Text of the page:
Opposing Character elements in "Beowulf"

Essay by Anonymous UserHigh School, 10th gradeA+, November 1996

download word file, 4 pages 4.2

Downloaded 75 times

The Anglo-Saxon epic Beowulf is the most important work of Old

English literature, and is well deserved of the distinction. The epic tells the

story of a hero, a Scandinavian prince named Beowulf, who rids the Danes

of the monster Grendel, a descendent of Cain, and of his exploits fighting

Grendel's mother and a Dragon. Throughout the epic, the Anglo-Saxon

story teller uses many elements to build a certain depth to the characters.

Just a few of the important character elements in Beowulf are Wealth &

Honor, Biblical & Paganistic, and Man vs. Wild themes.

Many of the characters in Beowulf are, like in most epics, defined by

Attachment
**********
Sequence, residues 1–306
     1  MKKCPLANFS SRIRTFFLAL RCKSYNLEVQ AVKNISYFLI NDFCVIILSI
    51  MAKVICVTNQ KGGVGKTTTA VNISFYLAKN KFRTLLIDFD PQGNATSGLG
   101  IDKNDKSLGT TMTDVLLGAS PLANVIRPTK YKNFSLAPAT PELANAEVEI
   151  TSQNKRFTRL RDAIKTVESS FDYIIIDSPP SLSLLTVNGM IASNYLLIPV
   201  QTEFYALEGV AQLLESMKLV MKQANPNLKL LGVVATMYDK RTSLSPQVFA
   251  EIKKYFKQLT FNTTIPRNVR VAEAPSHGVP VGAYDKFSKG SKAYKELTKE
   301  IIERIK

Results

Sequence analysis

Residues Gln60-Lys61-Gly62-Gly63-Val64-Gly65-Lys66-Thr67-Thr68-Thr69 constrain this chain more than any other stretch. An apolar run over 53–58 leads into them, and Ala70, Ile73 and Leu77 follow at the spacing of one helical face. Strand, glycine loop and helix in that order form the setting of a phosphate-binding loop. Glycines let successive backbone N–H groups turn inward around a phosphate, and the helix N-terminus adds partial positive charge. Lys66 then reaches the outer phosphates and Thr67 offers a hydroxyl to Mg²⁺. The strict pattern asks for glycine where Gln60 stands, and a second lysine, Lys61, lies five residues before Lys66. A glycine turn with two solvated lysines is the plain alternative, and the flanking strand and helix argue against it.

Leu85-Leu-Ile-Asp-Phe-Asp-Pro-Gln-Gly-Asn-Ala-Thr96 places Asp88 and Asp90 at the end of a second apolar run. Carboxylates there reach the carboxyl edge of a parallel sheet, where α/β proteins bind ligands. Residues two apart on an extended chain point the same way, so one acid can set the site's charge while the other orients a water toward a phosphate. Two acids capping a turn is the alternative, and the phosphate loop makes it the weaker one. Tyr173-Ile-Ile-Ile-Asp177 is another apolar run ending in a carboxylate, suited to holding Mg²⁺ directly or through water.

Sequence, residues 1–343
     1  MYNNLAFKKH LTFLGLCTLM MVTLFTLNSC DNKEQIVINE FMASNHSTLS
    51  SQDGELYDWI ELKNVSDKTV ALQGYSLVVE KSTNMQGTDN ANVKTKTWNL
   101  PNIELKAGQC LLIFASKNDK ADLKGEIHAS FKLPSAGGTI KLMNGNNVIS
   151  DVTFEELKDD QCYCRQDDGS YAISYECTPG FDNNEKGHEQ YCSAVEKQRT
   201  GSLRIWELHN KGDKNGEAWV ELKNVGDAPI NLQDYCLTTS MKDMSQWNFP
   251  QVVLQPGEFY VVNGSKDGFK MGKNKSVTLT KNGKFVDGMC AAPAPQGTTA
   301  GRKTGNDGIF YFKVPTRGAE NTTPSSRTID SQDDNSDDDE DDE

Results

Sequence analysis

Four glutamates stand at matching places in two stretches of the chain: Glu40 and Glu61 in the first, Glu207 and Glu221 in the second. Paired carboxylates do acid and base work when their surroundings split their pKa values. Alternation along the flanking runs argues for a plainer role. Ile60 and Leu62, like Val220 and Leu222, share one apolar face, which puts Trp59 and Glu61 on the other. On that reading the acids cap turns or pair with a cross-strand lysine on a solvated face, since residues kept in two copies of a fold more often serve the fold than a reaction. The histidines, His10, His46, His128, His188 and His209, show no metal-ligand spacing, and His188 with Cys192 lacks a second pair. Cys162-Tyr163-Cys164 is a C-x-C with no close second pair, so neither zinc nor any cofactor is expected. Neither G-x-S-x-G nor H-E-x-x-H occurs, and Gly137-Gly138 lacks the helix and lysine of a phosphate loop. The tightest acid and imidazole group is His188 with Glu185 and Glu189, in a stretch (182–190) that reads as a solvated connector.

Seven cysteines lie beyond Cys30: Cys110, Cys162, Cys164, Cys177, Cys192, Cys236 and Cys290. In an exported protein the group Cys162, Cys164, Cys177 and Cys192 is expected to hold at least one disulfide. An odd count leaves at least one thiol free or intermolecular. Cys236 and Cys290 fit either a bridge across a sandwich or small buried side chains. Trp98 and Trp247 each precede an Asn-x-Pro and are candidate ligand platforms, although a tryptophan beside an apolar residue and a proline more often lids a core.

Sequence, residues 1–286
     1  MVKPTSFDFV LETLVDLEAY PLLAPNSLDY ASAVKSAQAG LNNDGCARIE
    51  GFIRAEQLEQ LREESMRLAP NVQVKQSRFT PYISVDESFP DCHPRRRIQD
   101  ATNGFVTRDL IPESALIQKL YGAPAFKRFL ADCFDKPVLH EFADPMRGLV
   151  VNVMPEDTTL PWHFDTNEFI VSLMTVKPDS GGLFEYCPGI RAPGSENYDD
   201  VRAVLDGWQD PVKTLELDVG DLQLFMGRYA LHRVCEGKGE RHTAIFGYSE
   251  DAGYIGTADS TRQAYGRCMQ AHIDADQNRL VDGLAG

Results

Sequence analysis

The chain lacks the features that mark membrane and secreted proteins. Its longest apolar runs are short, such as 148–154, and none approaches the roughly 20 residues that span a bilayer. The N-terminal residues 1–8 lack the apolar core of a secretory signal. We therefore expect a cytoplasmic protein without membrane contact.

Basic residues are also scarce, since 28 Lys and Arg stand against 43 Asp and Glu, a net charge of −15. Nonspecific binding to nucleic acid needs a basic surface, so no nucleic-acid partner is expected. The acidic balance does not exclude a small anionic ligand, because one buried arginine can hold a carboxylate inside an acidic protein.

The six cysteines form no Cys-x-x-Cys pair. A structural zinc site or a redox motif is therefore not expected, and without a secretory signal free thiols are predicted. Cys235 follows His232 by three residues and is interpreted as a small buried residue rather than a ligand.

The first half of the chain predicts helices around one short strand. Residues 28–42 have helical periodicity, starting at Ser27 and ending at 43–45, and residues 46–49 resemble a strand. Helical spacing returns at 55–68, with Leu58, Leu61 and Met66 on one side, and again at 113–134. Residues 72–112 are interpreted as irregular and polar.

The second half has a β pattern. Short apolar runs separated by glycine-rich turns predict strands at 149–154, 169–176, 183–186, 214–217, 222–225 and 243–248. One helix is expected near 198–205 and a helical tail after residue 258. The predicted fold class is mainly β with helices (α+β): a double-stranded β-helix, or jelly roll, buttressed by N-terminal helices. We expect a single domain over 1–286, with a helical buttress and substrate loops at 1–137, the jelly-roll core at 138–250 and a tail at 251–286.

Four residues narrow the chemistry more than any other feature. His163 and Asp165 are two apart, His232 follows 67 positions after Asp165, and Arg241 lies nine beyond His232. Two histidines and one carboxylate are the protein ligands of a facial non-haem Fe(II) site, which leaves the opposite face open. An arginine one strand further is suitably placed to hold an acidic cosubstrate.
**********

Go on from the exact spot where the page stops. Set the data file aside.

their status. But, in addition to status, the Anglo-Saxon culture also adds an

element of honor. To the Anglo-Saxons, a character's importance, as well as

their wealth and status, where measured not only in monetary terms, but it

was also measured in terms of honor, fame, and accomplishments.

Hrothgar, king of the Danes, is one example of the Anglo-Saxon

measurement of importance in Beowulf. In Canto 1 the story teller describes

his wealth and importance, not as mounds of gold or jewels, but instead as

his ability to "[lead] the Danes to such glory." and as his tendency to "In

battle, [leave] the common pasture untouched, and taking no lives."

Through this display of compassion for the commoner who doesn't fight in

battles, Hrothgar proves the full extent of his honor and therefore the extent

of his wealth and status. Beowulf, the hero-prince, also proves his true

wealth and status through his deeds as defender of the Danes.. As he fights

and defeats Grendel, Beowulf Earns Fame and wealth from his companions,

and from the Danes, but more importantly, he earns honor raising him to the

level of an...